Joseph Ford from LYME REGIS on April 28, 2020:
Ok, thanks, did you see Rokket win the (I think) Tulsa? In addition would you mind reading my article/s as some don’t seem to be published, many thanks.
Zeron87 (author) on April 19, 2020:
Joseph Ford: Thanks for the comment again Joseph F... I mean Zeroboros! I agree with you on Orcust, but the Sky Striker don't rock enough evil to be in a Dark deck list (Sure, the main girl is Dark, but not her alternative forms needed to run the deck). Rokkets are also worth an honorable mention... but there's a reason you never see them topping tournaments: They use revolvers instead of M16s (they're too slow).
My advice on starting Yu-Gi-Oh articles? Include your own twist in your article nobody else covers, and by that I mean find a niche. I try to include my weird brand of humor in my articles while teaching players about the game and purposely try to exclude jargon new players wouldn't understand. I used to hate reading Yu-Gi-Oh forum topics/articles where everyone spoke in geek-speak and I had to use Google every three sentences to know why BLS was so hype and why this Win Moar card was useless against a card with a Crush effect and would mostly make my hand Brick.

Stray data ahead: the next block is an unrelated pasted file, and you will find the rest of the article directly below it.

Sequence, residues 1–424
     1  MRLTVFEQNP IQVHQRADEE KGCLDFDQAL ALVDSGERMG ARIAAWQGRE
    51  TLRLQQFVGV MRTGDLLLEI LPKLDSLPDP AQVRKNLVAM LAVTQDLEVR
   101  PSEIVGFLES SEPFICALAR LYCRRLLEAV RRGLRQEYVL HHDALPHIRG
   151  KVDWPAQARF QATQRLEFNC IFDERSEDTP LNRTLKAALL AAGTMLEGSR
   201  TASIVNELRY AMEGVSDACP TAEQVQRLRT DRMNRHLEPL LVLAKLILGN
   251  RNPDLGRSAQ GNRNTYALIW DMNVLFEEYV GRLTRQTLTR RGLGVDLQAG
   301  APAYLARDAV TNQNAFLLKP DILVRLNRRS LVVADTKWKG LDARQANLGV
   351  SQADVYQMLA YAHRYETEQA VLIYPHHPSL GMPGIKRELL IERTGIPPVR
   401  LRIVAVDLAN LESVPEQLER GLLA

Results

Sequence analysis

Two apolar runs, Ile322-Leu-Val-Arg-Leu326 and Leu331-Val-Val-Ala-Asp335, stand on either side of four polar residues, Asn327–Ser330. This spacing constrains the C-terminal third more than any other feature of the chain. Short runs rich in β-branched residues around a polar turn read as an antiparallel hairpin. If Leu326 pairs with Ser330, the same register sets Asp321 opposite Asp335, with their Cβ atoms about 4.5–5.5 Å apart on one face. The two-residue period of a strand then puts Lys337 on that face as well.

My best advice I guess would be to write the type of articles YOU want to see and then share your insights with your fellow players. Hope I answered your question, and happy hunting out there!
Joseph Ford from LYME REGIS on April 14, 2020:
Hey Zeron, I just thought I would mention that there are about 5 new decks you could add:
Also, I really love your articles and am doing my own, any advice?
Btw I am zeroboros XD
Zeron87 (author) on April 12, 2020:
Zeroboros78: LOL... oh my. Orcust weren't out when I first wrote this. Now that you brought back the night terrors, I will definitely add them to a modified version of this list. Thanks for commenting!
Zeroboros78 on April 09, 2020:
What about Orcust?
Zeron87 (author) on December 14, 2018: